The W Factor by Dennis Duncan

Dennis Duncan

The W Factor


Rain is general all over Cornwall. I am in St Ives, on holiday with my family. Outside may be miserable, but inside we have a jigsaw. I think of ‘Pangur Bán’, the ninth-century Irish poem about a clerk and his cat both at work, one writing and the other mousing, the contentment of companied exertion. ‘Day and night, my own hard work/Solves the cruxes,’ the poet wrote, in Heaney’s translation. Three generations – children, grandparents, siblings – come and go, criss-crossing and reconstellating at the puzzle table, an hour here and there, on their way to something else. It is a means of being together but not necessarily talking. Shared attention rather than mutual attention.‘Pangur Bán’ again: ‘To each his own./No vying. No vexation.’

At Christmas we did ‘The World of Shakespeare’, a cartoon map of Tudor London in a thousand pieces. Queen Elizabeth barges down the Thames on her burnish’d throne; Juliet’s balcony is relocated to somewhere round Limehouse. This Easter we had ‘The World of James Joyce’, with the Citizen flinging his biscuit box in Barney Kiernan’s tavern and Bloom – ahem – observing Gerty on the beach. And then I noticed it. Written on the side of the puzzle’s box: ‘Text by Professor Joseph Brooker’. This is a friend of mine, a former colleague. He writes for Literary Review in fact. I text a mutual friend: ‘Look at this!’ They are unsurprised. It is not news to them. They reel off a list of colleagues who have writing credits on literary jigsaws. ‘World of Jane Austen’? John Mullan. ‘World of Frankenstein’? Roger Luckhurst. My head is spinning. A wild surmise. Are jigsaws REF-able?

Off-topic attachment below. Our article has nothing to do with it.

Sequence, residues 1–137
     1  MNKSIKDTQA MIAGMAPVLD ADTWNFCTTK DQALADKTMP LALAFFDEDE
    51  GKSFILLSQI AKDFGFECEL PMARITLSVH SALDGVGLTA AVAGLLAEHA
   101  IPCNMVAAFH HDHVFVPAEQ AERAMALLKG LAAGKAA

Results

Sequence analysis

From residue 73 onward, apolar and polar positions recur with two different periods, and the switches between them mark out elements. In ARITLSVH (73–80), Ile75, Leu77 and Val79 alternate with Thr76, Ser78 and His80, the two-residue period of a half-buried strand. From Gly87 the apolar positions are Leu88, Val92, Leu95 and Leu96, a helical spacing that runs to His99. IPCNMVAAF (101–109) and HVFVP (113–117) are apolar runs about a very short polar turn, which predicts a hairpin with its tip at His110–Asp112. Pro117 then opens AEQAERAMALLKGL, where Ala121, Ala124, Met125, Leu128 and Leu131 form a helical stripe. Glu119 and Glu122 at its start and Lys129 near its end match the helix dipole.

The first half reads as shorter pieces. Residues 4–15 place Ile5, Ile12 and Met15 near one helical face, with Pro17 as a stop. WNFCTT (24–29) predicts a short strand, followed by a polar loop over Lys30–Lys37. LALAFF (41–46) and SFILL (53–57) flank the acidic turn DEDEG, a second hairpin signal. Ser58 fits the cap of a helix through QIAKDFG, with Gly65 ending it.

Joyce, famously, is supposed to have said of Ulysses, ‘I’ve put in so many enigmas and puzzles that it will keep the professors busy for centuries arguing over what I meant.’ Recent editors, however, have doubted the veracity of the quote. To my ear, it sounds off key, uncharacteristically inaccurate.

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